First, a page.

Being a daughter at home doesn't mean being a financial burden. A creative, hard-working daughter can be a blessing to her family (yes, financially as well) while developing the techniques of spending less and stretching every penny that will be very useful someday for a stay-at-home wife and mother.
Maybe a frugality isn't a habit for you. I know it wasn't for me; it required changing my entire mindset: from "must have it" to "can do without it", from "it costs almost nothing" to "I don't really need it", from "not buying whatever I want is suffocating" to "being enslaved to my whims is truly suffocating".
There are many resources you can find online which will help you on a path to a more frugal life. You will be encouraged by the stories of countless people who spend less and live more, people who made choices of frugality and simplicity, people who cut up their credit cards and have never been happier. Frugality isn't just spending less. It's being creative and resourceful, patient and thankful.
A few practical points that help me on my path to frugality:
I buy second hand. For a long time, I wrinkled my nose at yard sales, second-hand shops and thrift stores, equaling price and quality – that is, until by chance I found some real treasures. Yes, it takes time and effort, but it does pay off, and no one can guess I buy second hand. Also, no one would ever know how little I actually spend on clothes, unless I told them. You can also sell your unneeded items, earning some extra money and ridding your home of clutter at the same time.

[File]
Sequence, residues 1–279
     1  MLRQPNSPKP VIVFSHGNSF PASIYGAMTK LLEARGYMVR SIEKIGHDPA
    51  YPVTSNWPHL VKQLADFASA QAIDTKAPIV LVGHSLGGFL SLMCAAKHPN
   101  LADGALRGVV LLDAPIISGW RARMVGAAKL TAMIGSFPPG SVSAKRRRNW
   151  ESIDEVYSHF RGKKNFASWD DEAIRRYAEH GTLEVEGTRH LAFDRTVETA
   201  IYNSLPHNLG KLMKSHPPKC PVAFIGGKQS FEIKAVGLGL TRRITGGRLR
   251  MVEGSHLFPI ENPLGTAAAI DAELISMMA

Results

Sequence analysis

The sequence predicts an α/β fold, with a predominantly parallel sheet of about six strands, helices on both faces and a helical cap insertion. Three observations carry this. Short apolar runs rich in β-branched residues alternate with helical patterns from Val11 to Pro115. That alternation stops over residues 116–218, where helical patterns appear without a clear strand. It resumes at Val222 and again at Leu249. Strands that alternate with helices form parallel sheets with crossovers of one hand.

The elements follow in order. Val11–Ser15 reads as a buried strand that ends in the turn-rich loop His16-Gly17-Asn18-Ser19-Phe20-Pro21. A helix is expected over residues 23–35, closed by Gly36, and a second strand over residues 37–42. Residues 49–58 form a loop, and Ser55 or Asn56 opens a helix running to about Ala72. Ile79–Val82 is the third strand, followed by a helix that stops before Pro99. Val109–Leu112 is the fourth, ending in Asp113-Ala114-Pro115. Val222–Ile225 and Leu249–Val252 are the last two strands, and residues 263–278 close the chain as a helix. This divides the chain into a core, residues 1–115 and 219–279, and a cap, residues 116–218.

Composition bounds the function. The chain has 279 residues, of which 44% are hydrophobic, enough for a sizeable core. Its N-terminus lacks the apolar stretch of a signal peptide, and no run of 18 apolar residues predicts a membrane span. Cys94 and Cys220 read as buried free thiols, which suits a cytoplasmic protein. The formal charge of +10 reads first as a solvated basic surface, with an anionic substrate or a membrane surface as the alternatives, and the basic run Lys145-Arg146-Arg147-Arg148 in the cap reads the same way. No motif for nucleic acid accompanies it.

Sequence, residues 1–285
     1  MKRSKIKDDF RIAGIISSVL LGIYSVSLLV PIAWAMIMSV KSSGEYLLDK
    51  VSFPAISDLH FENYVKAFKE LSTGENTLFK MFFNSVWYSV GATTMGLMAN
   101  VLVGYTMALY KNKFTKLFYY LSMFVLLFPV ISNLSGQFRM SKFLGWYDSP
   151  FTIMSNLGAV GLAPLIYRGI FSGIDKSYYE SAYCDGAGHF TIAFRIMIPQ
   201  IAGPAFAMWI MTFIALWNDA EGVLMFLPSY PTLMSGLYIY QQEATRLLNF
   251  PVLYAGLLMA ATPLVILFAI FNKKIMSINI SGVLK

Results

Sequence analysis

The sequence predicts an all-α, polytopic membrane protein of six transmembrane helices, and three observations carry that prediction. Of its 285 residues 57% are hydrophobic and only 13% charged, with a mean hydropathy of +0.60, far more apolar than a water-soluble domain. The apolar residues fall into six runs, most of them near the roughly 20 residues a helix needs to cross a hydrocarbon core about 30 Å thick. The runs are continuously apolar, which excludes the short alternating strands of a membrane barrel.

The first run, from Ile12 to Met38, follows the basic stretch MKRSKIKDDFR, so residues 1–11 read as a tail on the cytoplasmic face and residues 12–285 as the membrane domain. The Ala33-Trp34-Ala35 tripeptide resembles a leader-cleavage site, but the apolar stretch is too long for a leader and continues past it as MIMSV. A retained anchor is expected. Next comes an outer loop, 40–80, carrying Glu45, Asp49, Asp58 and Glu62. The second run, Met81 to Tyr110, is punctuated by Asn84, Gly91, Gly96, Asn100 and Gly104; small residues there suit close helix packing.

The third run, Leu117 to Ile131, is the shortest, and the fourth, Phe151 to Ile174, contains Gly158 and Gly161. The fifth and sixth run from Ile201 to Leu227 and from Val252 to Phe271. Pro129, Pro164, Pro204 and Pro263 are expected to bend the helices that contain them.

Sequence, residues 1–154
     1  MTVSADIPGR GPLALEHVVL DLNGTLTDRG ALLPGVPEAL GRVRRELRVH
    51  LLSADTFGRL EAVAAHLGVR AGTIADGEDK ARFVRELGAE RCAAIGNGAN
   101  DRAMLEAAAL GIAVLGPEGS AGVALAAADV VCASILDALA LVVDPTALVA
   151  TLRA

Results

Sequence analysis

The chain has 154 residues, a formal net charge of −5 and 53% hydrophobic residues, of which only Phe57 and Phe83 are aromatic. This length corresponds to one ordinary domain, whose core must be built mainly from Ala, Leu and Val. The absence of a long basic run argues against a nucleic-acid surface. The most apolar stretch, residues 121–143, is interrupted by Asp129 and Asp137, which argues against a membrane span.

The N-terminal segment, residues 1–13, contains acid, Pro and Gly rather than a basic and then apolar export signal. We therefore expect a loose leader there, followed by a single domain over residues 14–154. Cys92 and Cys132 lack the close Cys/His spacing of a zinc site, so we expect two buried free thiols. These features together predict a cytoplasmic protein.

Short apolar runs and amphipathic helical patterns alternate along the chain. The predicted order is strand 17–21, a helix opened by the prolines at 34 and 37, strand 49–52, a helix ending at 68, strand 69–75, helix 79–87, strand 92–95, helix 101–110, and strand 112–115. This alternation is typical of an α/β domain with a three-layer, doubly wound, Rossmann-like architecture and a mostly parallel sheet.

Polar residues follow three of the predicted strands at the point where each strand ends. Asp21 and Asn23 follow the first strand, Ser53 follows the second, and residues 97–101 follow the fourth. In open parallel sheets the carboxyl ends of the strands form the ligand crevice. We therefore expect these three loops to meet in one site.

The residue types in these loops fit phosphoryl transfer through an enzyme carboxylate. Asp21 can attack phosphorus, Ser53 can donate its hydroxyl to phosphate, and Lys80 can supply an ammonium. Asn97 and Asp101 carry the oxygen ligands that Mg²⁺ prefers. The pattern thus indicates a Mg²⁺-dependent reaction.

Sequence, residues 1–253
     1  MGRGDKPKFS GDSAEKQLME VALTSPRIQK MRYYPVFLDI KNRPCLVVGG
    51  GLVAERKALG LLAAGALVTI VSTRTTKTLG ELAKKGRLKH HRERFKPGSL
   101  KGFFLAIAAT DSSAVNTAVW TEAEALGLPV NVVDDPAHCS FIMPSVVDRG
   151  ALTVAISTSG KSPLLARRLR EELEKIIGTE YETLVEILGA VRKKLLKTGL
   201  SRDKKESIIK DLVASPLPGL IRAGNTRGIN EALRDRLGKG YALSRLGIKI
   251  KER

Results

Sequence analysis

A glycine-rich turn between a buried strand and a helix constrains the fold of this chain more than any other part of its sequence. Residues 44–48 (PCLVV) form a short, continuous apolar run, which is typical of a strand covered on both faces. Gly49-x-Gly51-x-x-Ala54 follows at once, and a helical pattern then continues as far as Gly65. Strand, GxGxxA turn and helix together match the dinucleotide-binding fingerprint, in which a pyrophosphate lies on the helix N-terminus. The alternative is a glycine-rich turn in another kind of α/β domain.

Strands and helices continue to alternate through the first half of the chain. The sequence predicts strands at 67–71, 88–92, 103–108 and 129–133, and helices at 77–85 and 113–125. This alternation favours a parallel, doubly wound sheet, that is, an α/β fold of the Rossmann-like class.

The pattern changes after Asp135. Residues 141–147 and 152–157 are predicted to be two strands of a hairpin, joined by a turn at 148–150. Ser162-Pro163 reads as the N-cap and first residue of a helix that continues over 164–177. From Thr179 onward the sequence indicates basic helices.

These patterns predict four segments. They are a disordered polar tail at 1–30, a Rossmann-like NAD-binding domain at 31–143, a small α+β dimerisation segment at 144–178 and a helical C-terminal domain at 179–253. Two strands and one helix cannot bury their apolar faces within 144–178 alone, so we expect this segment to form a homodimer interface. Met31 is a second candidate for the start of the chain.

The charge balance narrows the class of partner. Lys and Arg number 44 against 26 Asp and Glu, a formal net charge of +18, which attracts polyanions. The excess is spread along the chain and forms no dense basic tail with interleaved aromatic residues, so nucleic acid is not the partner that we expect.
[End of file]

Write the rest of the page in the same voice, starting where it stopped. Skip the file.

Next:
You have to be wise with this one, though. Don't settle for low quality because it's cheap – it will cost you more in the long run.
I don't have a car. Most of my friends who insisted on having cars during college either ended up accumulating debt, or working many long, exhausting hours, or both, at the same time complaining for the money they had to pay for gas and other car-related expenses. I always had a much smaller side income for my own needs (giving lessons and translating), out of which I put a considerable sum into savings. I'm debt-free, and intend to keep it that way.
I give handmade gifts. I love giving gifts, and would be very put off if frugality meant I can now do less to make my loved ones feel special. Fortunately, it doesn't have to be so; far from it! Learning to knit, crochet and cross-stitch opened a whole new set of possibilities for me; even with the most basic level of these skills, you can make a variety of useful gifts everyone will love: scarves and blankets, doilies and dishcloths, and even bookmarkers. They are not only practical, but you can make them personal (for example stitching the initials of the person for whom the gift is intended), and people will appreciate the time and love poured into them, as opposing hurriedly chosen gifts from a department store.
Even if you've never held a needle, you still have a wide range of possibilities to be frugal and creative with your gifts. A personal scrapbook or a stack of handmade cards; baking mixes for special breads or cookies, beautifully wrapped and with a recipe attached; a collection of different sorts of tea, with homemade cookies to go with, and a lovingly written note – I'm yet to meet the person who would say no to one of these!